Based on the upcoming book with my pal Kirk Johnson (due out in the Fall of 2018 from Fulcrum Publishing) this show includes over 30 new framed original drawings & paintings, 30 large digital artworks, fab fossils on loan from the University of Alaska Museum of the Arts. The show is currently being exhibited at the Oakland Museum of California and is up from November 10, 1918 to March 17, 2019.
Here are some photos of two recent collaborative art projects from the summer of 2010. I worked with my pal sculptor Gary Staab to design, cast and install a school of insanely detailed bronze Alaskan fish swimming into the UAF building at Lena Point in Juneau, Alaska. This was a one percent for art project via the State of Alaska.
Check out photos of the piece we’ve titled “Into the Flow”
On April 6, Kirk Johnson and Ray Troll were awarded a joint Fellowship in the Science Writing category from the John Simon Guggenheim Memorial Foundation to support their book project entitled, Cruisin’ the Eternal Coastline: the Best of the Fossil West from Baja to Barrow. In 2011, Guggenheim fellowships were awarded to 180 scientists, artists, and scholars (there were only two awards in the Science Writing category). The Fellowship will provide Troll and Johnson with $50,000 that will support the completion of their project.Here is a description of their project:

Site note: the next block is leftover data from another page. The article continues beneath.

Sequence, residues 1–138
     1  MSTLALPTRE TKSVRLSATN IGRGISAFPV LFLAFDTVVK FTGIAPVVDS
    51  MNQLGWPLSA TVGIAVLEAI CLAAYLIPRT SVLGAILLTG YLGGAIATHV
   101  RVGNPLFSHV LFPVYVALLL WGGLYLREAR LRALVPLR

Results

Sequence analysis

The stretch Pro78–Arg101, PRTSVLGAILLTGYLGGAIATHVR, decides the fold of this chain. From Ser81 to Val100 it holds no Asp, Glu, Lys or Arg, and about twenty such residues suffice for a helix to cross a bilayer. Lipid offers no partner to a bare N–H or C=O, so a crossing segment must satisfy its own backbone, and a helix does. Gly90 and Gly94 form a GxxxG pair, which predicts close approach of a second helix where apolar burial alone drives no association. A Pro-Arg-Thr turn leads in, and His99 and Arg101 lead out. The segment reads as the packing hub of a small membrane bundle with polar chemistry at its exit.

We propose to write and illustrate a book entitled, Cruisin’ the Eternal Coastline: The Best of the Fossil West from Baja to Barrow. This 75,000 word, full-color book will be 204 pages long and will feature 20 paintings, hand-drawn maps for each state, more than 100 small drawings, and over 100 photographs. This book will cover the West Coast, reaching from Baja, California to Barrow, Alaska with a focus on the population-rich areas of California, Oregon, Washington, British Columbia, and Alaska. Our goal is to create a widely distributed book that is accessible to a broad range of audiences and that opens their eyes to the vast span of geologictime and evolutionary history that surrounds them.